What is the History of Ranked Choice Voting?
Ranked choice voting (RCV) was first developed in the 1850s, by Carl Andræ in Denmark and independently by Thomas Hare in England. It has since been used in many jurisdictions around the world, including in Australian parliamentary elections since 1919. It is known by several names, including instant-runoff voting, the alternative vote, and preferential voting.
In the United States, RCV is used throughout Maine and Alaska, at local option in cities in Utah, Colorado and Virginia, and in multiple other U.S. cities. It was approved and will soon be implemented in additional U.S. cities. It is also used in countries around the world. In 2020, it was used in five states for the Democratic presidential primary. It is used by various state Republican and Democratic party organizations for their internal elections.
To learn more, visit Ranked Choice Voting Resource Center and FairVote.org.
Who in Texas uses Ranked Choice voting?
In Texas, multiple universities and organizations use Ranked Choice Voting today.
Texas Universities and Colleges
Each year over 160,000+ students and university faculty members across Texas use RCV to select student government and faculty council representatives, including:
Texas A&M University
In 2013 the Student Government Association (SGA) at Texas A&M University made the decision to institute RCV. Since that time, the Texas A&M SGA has used RCV to fill open positions in all of its single-seat elections, such as the SGA President. As the largest university in Texas with over 64,000 students and counting, Texas A&M is primed to continue to be a leader in introducing RCV to future generations of students and Texans.
University of Texas at Austin
In an effort to eliminate runoffs, reduce drama and negativity, and improve the accuracy of their elections, UT-Austin’s Student Government approved the switch to ranked choice voting in 2018. RCV was used for the first time in 2019. As currently approved, RCV at UT-Austin is used by the campus’ 50,000+ student body to decide both single and multi-seat elections for Student Government. In addition to Student Government elections, UT-Austin’s General Faculty Council also uses a form of RCV to select council members. With the adoption of RCV across multiple campus institutions, UT-Austin offers an opportunity to introduce thousands to the benefits of RCV.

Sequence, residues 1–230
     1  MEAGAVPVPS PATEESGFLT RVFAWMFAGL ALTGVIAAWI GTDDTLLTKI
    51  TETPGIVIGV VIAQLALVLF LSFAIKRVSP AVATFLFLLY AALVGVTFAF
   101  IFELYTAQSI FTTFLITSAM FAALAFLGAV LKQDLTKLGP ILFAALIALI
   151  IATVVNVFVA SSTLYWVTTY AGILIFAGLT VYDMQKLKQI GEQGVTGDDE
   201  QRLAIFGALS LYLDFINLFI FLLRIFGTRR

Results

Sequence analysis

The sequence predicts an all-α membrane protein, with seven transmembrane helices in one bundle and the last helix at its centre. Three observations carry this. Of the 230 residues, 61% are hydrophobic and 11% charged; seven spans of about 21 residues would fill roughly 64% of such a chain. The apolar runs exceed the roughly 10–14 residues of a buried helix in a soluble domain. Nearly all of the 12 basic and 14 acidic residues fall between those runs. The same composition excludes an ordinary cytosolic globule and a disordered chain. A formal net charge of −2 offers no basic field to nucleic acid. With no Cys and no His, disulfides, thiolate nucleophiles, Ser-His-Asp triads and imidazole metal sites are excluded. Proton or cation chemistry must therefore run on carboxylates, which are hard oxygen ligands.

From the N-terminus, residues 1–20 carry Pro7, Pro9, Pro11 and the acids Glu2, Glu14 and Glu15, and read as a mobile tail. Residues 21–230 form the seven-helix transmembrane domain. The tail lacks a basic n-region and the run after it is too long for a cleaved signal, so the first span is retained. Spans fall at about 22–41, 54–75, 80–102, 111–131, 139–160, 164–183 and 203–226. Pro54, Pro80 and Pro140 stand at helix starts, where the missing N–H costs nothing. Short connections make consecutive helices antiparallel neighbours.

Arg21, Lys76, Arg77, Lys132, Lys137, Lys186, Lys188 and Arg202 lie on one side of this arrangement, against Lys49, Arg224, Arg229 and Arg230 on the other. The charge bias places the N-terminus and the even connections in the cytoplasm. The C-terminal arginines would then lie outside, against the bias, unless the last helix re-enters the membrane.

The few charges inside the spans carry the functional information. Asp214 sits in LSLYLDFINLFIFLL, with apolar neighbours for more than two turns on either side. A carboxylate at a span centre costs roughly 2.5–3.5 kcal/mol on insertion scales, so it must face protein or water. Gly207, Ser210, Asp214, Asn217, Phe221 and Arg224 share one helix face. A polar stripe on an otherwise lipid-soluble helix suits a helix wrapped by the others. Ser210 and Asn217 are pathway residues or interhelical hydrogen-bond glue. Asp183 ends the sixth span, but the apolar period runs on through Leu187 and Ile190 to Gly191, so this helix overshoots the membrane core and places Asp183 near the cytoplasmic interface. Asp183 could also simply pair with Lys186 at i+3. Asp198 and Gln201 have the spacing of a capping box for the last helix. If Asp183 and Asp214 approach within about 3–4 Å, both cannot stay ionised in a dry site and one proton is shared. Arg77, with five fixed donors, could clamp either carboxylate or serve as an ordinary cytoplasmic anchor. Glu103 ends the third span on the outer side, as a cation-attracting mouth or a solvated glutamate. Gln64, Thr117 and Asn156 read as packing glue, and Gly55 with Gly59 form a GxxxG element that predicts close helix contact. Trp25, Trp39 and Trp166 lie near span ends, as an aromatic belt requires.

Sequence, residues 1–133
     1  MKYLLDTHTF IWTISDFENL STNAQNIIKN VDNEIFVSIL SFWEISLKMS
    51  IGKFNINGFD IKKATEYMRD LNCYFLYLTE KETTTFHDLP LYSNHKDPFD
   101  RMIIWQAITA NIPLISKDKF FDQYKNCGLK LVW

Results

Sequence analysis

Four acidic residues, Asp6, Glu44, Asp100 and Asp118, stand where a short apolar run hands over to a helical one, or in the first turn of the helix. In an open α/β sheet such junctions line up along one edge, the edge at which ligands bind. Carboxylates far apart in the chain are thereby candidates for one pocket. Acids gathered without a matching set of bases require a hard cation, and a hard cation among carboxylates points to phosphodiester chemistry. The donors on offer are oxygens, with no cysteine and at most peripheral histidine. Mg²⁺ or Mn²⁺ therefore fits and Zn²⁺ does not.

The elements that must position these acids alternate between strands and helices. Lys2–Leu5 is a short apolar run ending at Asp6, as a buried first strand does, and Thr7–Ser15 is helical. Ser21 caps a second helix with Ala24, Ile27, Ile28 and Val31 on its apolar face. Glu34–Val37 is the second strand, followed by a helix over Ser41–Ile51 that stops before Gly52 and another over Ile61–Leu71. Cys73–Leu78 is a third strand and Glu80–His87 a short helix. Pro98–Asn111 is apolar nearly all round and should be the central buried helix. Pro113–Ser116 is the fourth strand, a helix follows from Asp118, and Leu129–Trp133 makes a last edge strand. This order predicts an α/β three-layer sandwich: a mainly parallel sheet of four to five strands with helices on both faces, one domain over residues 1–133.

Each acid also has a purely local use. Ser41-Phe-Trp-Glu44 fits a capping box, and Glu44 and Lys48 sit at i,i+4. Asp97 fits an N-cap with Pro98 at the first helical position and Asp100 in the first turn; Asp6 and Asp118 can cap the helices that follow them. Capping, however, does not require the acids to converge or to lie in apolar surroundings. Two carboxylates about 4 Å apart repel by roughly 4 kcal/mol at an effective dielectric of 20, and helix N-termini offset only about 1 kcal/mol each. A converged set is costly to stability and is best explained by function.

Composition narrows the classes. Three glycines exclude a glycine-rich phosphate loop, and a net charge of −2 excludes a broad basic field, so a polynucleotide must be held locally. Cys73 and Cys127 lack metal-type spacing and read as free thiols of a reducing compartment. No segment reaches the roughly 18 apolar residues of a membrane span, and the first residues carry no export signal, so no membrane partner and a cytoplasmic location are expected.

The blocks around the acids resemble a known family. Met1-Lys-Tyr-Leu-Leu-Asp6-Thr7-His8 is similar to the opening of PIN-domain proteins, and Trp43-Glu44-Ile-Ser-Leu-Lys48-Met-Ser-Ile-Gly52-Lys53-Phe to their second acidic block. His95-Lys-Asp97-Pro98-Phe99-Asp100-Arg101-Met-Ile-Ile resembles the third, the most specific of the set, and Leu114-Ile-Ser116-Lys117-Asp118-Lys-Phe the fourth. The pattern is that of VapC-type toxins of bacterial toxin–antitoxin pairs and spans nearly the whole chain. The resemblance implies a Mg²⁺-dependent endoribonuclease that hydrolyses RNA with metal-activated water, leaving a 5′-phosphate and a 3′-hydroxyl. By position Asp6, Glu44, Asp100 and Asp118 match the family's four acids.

University of Houston
Founded in 1927, the University of Houston has grown into the third largest university in Texas with over 45,000 students. Similar to other large Texas universities, the Student Government at the University of Houston recently approved ranked choice voting to be used in single and multi-seat races. RCV was recently used to select the 2019 Student Government Association President and Vice President.
Located in Houston, Rice University uses RCV for a majority of its Student Association (SA) single-seat elections. The offices elected through RCV include the SA president, vice-presidents, treasurer, and secretary. Rice also uses RCV to elect each of the 11 student college presidents, making sure that each student and college is represented. With plenty of opportunities to get involved and a student body of over 6,000 students, Rice sees a large number of students seeking office.
Texas Political Organizations
In their 2019-2020 party rulebook, the Texas State Democratic Party allows for county or senate districts to choose to use instant runoff voting in their conventions for the selection of party officers and delegates. As currently approved, districts that choose to use instant runoff voting are to notify the State Chair. Written ballots are then provided by the State Party that provide instructions on the voting process and the ability to rank the first three candidates.